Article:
We all love a good story. When we get together for lunch with friends, we share stories. Our religious leaders almost always start their sermons by sharing compelling stories that will help us understand their message. And as members of Mended Hearts and Mended Little Hearts, we share our stories every day with the heart patients we visit.
But what about the patients we don’t get to visit? What if we could somehow harness our collective stories to help people we never get to meet?
That’s exactly what Mended Hearts and Mended Little Hearts leaders have in mind with the newly launched Patient Advocacy Network, or PAN, which was formed to equip and teach members how to be advocates for all heart patients.
While the PAN won’t allow us to personally visit with every single heart family, it will allow us to push for health care policies that affect heart families, provide a patient perspective for cardiac device makers and pharmaceutical companies, and educate other heart patients so they can make informed decisions about their health.
The Patient Advocacy Network hinges on one thing: a patient’s story. Take Peter Palumbo’s story:
“In 2009, when I was 44, I had chest pains while travelling on business in Houston. I was ignoring the pain and thinking it was a bad case of heartburn. I ended up flying home that day and was in pain on the airplane.
“As soon as I got home, I went to an urgent care facility in Mission Viejo. The doctor called 911 and I ended up at Mission Hospital and had to have an angioplasty.”
“Weeks later, I was instructed to go to the Cardiac Rehab at Mission Hospital. I went three days a week for several weeks. There, I was able to recover from my heart attack. The staff at the cardio rehab was very helpful in my recovery from heart surgery.”
Palumbo, of Chapter 216 of Mission Viejo, Calif., has shared this story many times and is excited for the opportunity to share it on a broader stage through the PAN. By talking about his experiences, he says he can help not only other heart patients, but also the senior citizens whom he serves every day in his job as a certified senior advisor.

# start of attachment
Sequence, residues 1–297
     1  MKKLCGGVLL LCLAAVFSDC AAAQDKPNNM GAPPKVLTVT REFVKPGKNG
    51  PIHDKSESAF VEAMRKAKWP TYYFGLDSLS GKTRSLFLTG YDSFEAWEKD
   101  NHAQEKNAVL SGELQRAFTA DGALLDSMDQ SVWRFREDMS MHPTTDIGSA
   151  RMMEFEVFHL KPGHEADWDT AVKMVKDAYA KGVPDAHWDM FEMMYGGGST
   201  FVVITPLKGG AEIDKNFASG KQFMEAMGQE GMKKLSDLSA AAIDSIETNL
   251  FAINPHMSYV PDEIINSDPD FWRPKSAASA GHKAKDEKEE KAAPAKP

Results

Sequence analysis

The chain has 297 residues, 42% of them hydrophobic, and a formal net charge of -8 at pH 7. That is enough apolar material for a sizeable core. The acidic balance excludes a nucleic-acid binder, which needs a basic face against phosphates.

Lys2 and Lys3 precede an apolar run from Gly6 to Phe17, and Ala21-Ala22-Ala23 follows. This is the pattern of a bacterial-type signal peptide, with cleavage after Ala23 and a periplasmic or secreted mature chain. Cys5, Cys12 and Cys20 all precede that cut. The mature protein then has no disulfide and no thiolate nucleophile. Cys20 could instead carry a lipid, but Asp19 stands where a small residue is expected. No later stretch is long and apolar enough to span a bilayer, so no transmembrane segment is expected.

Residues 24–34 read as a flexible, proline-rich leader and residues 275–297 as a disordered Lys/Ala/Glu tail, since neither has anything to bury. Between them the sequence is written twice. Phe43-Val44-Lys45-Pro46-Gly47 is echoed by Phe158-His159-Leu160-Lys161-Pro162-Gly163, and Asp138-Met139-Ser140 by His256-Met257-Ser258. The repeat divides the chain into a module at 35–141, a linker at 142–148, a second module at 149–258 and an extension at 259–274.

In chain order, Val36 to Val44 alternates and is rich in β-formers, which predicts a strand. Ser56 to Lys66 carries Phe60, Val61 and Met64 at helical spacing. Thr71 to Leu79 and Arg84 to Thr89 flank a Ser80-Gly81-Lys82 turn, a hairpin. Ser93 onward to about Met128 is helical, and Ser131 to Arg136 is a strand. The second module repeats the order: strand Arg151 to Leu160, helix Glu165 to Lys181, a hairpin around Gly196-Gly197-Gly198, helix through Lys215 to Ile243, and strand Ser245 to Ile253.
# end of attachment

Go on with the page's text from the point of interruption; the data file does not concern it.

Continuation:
“With my line of work, I am in hospitals, skilled nursing facilities and doctors’ offices daily,” Palumbo says. “I am an advocate every day for seniors and want to help those heart patients who need the services of Mended Hearts.”
Palumbo and other PAN members will talk about their heart journeys with elected officials, either at the state or federal level, by setting appointments with them or communicating with them through email campaigns. They may also share their stories with the media, as PAN members work with local or national reporters who cover health issues. Or they may volunteer for a cardiac-device maker’s patient advisory panel to give them a real-life perspective on living with one of their devices. And at the most intimate level, advocacy can mean sharing our stories with new heart patients so that they are better informed.
“We want to teach people how to be empowered to make their own health care choices and be their own best advocate,” says Andrea Baer, Director of Patient Advocacy for Mended Hearts and Mended Little Hearts. “Then we want them to advocate for these policies and regulations that are going to make a difference in the lives of heart patients everywhere,” adds Baer, mother of 7-year-old Trenton, who has a congenital heart defect.
While there are hundreds of health issues that need addressing, the PAN has narrowed down its priorities to these five:
As the PAN grows and evolves, these priorities may change, but for now, they are the key issues to focus on.
To help guide the PAN with its advocacy efforts among members of Congress, MH and MLH have turned to the Federal Group, an agency that helps groups like PAN reach their objectives in the public policy arena. They do this through expert analysis, strategic planning, coalition building and aggressive advocacy.
Scott Leezer, a congenital heart disease patient and the Director of Government Affairs for the Federal Group, spoke to PAN members during an advocacy training event in May. Having served as an aid to a senator for several years, Leezer was able to give PAN members a firsthand account of the day-to-day work that happens on Capitol Hill. Leezer emphasized that members of Congress do, indeed, listen to what advocates have to say.